And accompanying image.

This is the front page of one. Replace the ISIS flag with a black flag and the head garb with a black hoodie and facemask and GET EXCITED.

I don’t understand what’s up with this full page joke? ad? but here it is

Handful more images to end the ISIS show.

reading for 11.3.15

we’re starting one of our most ambitious readings ever, namely the influential anti-oedipus, by deleuze and guattari.

full text is here.

we will start with the introduction and first chapter (so linear!), so through page 8 (the chapters are short).

and we hope to have a few of the interesting people who have been intrigued and influenced by this text come and talk to us about it, over the course of reading the book. so, stay tuned.

reading for 10/8

something from the zapatistas

this was suggested by david, who will not be at the reading group — so we should all come prepared to weigh in on some of the topics, ie homogeneity, the four wheels of capitalism, and the idea of invisibility (which obviously comes up also in tiqqun), perhaps.

also – there is this video on youtube of a decolonization panel at the seattle bookfair. we will NOT be talking about this this week, but if people are interested in it, perhaps the next? just noting it here so that the collective memory is engaged. 😉

10/2 reading

also – potluck! come at 7pm for food and conversation.

readings are

reading for 8/28

in the interest of continuing our intro series – here are some readings about individualist anarchism/-ists

here is the obituary of laurance labadie by his old friend james martin.

not sure how much we’ll refer to it, but it is an interesting read, i think…
and finally, a letter from laurance labadie to a friend, discussing rights, mostly. (those of you who have enemies of society – you already have this text.)

A Letter to a Friend
by Laurance Labadie

Apropos your series of articles on Human Rights:
There was a University of Chicago “professor” who wrote a book entitled Might is Right, under the pseudonym of “Ragnar Redbeard”. In it he maintained that life is essentially a battle in which “to the victor belonged the spoils”, and claimed that the truth of this fundamental warfare is disguised by various pretenses, ruses, and moral codes, originated and propagated by the weak who couldn’t stand up to the stern realities and who expected to soften-up their adversaries. He elaborated his contentions by citing history, politics, business, religion, etc., in fact all the activities of humans (and animals?). The book is rather uncomfortably convincing, though I think the author was terribly unscientific and unreasonable in justifying what seems a pretty sorry scheme of things.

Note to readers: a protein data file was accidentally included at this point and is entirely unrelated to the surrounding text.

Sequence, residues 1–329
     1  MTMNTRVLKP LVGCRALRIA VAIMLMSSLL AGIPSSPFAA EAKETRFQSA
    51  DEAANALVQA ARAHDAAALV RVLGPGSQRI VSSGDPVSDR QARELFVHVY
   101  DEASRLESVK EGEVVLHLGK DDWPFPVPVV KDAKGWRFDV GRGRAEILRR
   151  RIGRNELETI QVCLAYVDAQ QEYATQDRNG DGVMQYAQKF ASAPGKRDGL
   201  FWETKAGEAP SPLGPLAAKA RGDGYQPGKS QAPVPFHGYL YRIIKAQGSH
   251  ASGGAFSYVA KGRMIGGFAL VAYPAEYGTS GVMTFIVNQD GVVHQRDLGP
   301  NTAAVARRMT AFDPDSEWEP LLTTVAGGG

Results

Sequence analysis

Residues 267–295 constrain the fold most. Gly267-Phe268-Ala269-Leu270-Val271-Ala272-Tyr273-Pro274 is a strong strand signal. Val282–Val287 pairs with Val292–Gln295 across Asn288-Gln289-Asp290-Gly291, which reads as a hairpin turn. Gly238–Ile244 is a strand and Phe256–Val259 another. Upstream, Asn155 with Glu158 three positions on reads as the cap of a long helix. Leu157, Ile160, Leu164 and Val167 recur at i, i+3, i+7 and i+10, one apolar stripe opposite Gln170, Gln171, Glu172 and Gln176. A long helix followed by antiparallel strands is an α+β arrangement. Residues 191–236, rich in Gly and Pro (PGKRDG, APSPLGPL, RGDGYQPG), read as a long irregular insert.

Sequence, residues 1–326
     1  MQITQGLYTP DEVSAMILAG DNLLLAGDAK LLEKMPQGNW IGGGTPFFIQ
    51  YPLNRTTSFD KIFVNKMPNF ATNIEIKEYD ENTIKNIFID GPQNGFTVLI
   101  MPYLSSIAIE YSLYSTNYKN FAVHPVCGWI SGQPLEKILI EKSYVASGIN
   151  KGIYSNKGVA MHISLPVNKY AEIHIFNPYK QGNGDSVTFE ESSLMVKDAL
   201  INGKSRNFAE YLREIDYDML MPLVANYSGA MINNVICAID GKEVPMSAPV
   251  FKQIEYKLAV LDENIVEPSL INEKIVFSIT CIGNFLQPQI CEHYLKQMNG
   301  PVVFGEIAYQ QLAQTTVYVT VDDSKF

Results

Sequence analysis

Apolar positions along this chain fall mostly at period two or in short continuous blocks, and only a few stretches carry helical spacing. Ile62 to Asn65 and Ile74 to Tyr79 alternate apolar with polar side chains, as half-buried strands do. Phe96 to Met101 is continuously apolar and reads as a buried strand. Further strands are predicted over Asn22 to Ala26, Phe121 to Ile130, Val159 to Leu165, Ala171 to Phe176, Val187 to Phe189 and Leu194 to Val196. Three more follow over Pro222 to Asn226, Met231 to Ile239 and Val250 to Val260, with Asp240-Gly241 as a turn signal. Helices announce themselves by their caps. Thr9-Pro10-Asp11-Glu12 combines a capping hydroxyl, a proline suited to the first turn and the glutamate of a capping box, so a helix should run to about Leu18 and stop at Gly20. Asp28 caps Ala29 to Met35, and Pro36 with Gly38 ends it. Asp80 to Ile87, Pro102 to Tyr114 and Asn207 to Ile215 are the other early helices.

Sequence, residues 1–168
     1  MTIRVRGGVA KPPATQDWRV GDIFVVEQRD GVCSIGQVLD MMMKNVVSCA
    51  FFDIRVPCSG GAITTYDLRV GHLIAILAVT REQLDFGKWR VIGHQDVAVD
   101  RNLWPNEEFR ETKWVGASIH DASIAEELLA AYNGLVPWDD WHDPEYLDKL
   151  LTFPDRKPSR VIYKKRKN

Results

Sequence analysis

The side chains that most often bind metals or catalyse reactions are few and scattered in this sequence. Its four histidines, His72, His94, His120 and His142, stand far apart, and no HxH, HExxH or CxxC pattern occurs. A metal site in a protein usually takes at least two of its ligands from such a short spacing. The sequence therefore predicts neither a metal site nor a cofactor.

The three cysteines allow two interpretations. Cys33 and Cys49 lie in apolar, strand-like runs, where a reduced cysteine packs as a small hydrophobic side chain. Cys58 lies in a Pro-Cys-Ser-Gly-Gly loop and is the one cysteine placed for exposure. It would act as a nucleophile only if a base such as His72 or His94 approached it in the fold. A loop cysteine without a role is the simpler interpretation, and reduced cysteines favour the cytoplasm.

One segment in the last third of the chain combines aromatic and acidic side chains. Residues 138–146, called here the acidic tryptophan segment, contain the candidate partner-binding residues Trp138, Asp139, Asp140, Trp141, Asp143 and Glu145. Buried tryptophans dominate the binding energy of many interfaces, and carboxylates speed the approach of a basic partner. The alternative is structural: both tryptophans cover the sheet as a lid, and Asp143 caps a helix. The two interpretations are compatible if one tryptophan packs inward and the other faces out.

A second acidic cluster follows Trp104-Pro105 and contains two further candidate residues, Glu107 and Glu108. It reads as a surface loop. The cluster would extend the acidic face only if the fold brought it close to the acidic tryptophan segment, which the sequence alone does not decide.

It does not seem to require much acumen to realize that the power of might is the most potent ingredient regarding human conduct, and over-rides all “rights”, and until mankind decides to forego the use of might it will naturally be the deciding determinator. Stirner said, “I would rather have a handful of might than a bagful of right”, or words to that effect. Anyhow, that is the only language that governments, as such, understand.
“Rights” could hardly have preceded government in some form, as you surmise. Your “rights” are postulated as being against something, and the only thing anyone could be against was some hindrance to living, viz., government. “Rights”, therefore, are usually considered as limitations on government (such as the Magna Carta and the American Bill of Rights, etc). That government had power, and could often over-ride “rights”, made it appear that the “rights” were granted by governments. Naturally, it wasn’t long before the theory arose that governments themselves were protectors of human “rights”. In fact, this is the kind of baloney taught in all “state-supported” schools, everywhere and at all times, and of course religious schools and churches teach that God grants all “rights”.
Whether warfare, even though disguised, was and is a normal mode of human activity, it has been fairly well established that the origin of government was a band of robbers who in conquest set themselves up as rulers over the people they had plundered and subjugated. As it was to no advantage to have these slaves scramble among themselves, the tyrants “maintained law and order” among them, and in time even directed them in “public works”, such as building roads, making armor, battleships, etc., originally of course for purposes of further plunder and conquest. As time went on, the slaves actually believed they couldn’t do without their masters, until today we see them concernedly run to the polls to elect new ones every few years.
These stupid human animals can become inured to almost anything, and only occasionally rebel and demand “rights” for themselves, against their masters. They never dream of abolishing mastership itself. The most energetic advocates of “rights” are, naturally, authoritarian socialists, communists, fascists, nationalists, 100% Americans and what have you, and other such lack-wits ad nauseam, who want to set up a supreme master in the State which will take care of them and direct them in all things.